Native species (Click for more information)
Green border indicates species with conservational significance
Indistinct river shrimp
The river health assessments conducted during the Regional Estuaries Initiative (2017-2020) found eight native species and six exotic species. The native species included six native fish (sea mullet, freshwater cobbler, western pygmy perch, western minnow, nightfish and western hardyhead - the last five being endemic to South West WA) and two endemic freshwater crayfish (gilgie and smooth marron). Lamprey are rarely caught in traps given a very short migration period as adults, and as ammocoetes (larvae/juveniles) largely remain buried in sediment in localised habitats, as such their absence in traps is not considered to reflect their absence in the system. Similarly, although the restricted gilgie and koonac are expected in the catchment based on earlier reports, the 10 sites sampled were not located in the preferred habitat for these species in this region.
Six exotic species were recorded, including four fish (gambusia, goldfish, redfin perch, rainbow trout), one crayfish (yabby), and the indistinct river shrimp. The yabby is often mistaken as a native species in WA but it is actually native to Eastern Australia and a problematic pest in WA. The exotic indistinct river shrimp was also recently discovered in the Serpentine River in 2017. This shrimp is very similar in appearance to the native south-west glass shrimp and has the potential to compete with and displace the native species, as many exotic species have done in WA waterways.
Some less commonly found species in the assessments since 2017 include the Carter’s freshwater mussel, which is listed as vulnerable under state legislation. The mussel was recorded in the Serpentine and Harvey River catchments. The rakali was observed in the Harvey catchment; this reclusive, semi aquatic native rat is classed as near threatened in WA due to urbanisation, salinity and habitat loss and degradation. South-western snake necked turtles were also recorded.
Hydrology and landuse
The Peel Harvey hydrographic catchment covers over 10,000 km2 (distinct from the Healthy Estuaries WA catchment action area). Land use has been substantially modified since European settlement. Within the Healthy Estuaries WA catchment action area, approximately 75% of the land has been cleared. Clearing of land for agriculture has resulted in widespread loss of vegetation cover, with only the Darling Scarp and Lowlands Reserve retaining any significant areas of remnant native vegetation.
Land use on the Darling Plateau (east of the Darling Range and the Healthy Estuaries WA catchment) is dominated by grazing and cropping through the upper Murray River catchments in the wheatbelt. Land use on the Swan Coastal Plain tends to be more intensive, including cattle feedlots and intensive and irrigated horticulture. Between the wheatbelt and the Swan Coastal Plain, through the Darling Range, land use is predominantly conservation and managed resources (e.g. state forest). Closer to the coast, there is widespread urban land use, with the southern metropolitan area of Perth extending into the north of the catchment.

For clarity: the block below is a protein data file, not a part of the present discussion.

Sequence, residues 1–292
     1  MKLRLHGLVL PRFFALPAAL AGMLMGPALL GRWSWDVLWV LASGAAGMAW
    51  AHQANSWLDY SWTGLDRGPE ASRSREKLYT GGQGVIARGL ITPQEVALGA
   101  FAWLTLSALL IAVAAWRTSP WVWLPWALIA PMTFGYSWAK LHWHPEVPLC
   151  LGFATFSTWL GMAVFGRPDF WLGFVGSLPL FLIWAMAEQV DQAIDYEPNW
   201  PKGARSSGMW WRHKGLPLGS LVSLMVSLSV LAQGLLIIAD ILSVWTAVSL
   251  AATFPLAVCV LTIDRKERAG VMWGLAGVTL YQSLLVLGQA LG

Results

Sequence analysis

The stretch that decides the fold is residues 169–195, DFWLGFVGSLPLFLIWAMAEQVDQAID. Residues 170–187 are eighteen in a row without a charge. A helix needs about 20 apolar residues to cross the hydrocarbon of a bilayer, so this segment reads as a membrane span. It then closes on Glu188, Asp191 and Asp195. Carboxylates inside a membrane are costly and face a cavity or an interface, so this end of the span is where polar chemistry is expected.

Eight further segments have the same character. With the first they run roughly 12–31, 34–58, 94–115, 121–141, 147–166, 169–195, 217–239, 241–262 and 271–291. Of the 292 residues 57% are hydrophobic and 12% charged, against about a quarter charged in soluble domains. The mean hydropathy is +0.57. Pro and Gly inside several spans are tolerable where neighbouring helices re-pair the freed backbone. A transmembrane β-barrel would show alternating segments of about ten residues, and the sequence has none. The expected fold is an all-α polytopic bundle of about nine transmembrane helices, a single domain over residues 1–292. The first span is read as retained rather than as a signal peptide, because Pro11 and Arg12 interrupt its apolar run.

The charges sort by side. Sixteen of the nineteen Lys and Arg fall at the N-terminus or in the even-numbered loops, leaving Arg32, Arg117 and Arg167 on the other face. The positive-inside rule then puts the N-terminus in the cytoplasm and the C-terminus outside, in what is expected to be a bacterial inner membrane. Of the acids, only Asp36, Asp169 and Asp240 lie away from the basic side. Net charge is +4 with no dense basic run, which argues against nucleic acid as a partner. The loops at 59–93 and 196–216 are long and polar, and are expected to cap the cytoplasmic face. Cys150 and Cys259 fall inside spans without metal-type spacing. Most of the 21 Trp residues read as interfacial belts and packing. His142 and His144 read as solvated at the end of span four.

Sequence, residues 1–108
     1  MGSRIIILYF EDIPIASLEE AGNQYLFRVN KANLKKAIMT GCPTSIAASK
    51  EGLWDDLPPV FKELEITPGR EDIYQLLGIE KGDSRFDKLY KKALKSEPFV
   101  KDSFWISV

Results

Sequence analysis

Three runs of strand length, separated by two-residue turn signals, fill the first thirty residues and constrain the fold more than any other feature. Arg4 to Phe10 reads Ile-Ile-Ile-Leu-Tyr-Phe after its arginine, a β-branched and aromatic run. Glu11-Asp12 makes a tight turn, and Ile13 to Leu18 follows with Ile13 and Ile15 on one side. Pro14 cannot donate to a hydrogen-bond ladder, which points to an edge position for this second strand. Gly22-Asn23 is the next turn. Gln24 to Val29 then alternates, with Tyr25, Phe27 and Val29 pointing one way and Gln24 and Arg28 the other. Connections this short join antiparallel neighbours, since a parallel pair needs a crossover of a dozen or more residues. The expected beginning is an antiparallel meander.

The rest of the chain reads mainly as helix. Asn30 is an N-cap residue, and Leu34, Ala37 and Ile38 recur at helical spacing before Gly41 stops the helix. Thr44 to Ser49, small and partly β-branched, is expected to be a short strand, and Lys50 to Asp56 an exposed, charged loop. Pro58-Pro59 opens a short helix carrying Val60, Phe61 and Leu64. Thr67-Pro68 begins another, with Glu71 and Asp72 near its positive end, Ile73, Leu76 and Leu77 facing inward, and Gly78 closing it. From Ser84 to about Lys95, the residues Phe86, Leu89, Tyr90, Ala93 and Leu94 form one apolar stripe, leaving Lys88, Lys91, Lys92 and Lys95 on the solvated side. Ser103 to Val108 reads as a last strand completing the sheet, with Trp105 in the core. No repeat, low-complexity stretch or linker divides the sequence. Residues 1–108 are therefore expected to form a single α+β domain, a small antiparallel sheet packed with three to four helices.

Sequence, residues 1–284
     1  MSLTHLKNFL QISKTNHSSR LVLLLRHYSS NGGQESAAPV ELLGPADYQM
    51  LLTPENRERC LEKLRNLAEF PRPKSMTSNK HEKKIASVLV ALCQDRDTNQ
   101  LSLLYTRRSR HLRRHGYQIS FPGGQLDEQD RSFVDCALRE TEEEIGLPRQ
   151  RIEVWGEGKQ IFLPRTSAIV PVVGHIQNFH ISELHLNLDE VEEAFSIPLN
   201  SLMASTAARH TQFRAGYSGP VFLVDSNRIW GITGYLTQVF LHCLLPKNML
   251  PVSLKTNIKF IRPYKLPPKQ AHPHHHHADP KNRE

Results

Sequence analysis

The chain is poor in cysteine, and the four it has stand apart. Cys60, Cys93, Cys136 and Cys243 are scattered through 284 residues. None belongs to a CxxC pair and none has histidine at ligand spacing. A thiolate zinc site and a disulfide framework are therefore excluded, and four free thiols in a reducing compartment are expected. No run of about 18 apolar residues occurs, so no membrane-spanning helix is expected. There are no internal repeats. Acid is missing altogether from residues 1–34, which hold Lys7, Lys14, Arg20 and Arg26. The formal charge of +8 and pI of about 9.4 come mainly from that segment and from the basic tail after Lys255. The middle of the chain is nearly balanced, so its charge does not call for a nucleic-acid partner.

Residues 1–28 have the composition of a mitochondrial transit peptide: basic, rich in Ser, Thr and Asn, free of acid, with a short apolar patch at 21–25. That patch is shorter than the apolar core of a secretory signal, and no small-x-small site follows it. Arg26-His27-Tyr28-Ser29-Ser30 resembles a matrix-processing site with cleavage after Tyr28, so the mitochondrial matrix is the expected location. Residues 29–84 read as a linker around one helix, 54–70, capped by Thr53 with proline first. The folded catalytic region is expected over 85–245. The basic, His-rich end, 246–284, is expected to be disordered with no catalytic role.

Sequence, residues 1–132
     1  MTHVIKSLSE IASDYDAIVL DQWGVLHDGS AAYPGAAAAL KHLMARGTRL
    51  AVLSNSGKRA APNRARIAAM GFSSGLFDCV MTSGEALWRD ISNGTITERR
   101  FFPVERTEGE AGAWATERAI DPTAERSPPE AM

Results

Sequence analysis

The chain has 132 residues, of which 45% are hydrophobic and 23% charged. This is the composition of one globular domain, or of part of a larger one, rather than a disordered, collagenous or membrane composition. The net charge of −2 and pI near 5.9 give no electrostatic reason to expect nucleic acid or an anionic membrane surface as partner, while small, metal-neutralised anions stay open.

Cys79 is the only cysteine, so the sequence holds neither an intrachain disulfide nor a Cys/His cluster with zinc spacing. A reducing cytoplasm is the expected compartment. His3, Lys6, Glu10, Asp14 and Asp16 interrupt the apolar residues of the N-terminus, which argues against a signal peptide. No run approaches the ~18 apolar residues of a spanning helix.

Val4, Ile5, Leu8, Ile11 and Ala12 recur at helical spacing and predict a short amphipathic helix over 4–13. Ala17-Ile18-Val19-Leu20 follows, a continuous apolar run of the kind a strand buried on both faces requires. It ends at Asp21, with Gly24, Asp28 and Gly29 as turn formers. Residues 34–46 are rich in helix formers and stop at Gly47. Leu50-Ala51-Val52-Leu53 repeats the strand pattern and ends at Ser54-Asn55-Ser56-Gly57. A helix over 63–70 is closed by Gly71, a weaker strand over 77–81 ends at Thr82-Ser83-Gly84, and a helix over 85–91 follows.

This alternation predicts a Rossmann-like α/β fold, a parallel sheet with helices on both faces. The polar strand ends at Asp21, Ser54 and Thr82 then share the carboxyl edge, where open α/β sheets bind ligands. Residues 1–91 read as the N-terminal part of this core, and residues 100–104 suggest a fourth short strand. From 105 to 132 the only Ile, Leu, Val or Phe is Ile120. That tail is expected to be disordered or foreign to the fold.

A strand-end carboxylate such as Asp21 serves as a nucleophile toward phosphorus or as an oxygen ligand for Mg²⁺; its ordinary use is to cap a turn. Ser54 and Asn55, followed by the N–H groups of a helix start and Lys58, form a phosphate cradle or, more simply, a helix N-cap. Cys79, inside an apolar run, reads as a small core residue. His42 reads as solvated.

Natural flows in the catchment have been heavily modified by the construction of 15 dams for water supply and flood control, and a network of artificial drains. The notable exception is the Murray River, which is the largest of the three river catchments by land area, yet is one of the few rivers in south-west WA with no dam on the main river channel, and dams on only a few tributaries. In contrast, the Harvey River catchment is a complex network of diversion drains, dams and water trading, including the Harvey, Logue, Drakes and Wokalup systems and the Harvey Diversion Drain. Irrigation water is also introduced to the Harvey catchment from the Collie River catchment via Burekup Weir. Prior to 2010 many of the rivers in the Harvey River system were used for transferring water for irrigation resulting in high summer flows. In 2010 a pipeline was completed to pipe most of the irrigation flows, this also resulted in much lower flows in the rivers. Many of the dams on the Harvey River have environmental water release regimes to help maintain aquatic habitats and social value over the dry season and regulate flows to the downstream environment.
Modifications to drainage (for flood relief and irrigation), damming and clearing of native vegetation have significant impacts on hydrological regimes, which in turn impacts associated flora and fauna. Sections of river channel (particularly on the Serpentine and Harvey Rivers, and their tributaries) have been straightened to improve drainage and reduce localised flooding during high seasonal flows. Whilst clearing of vegetation in the upper part of the catchment has inherently increased the water table (often dissolving salts in the soil as it rises and increasing stream salinity) resulting in increased flows. The resulting higher flow velocities combined with straightening of previously meandering river channels has led to increased erosion and sedimentation, and reduced riparian vegetation, instream habitat and connectivity for aquatic species.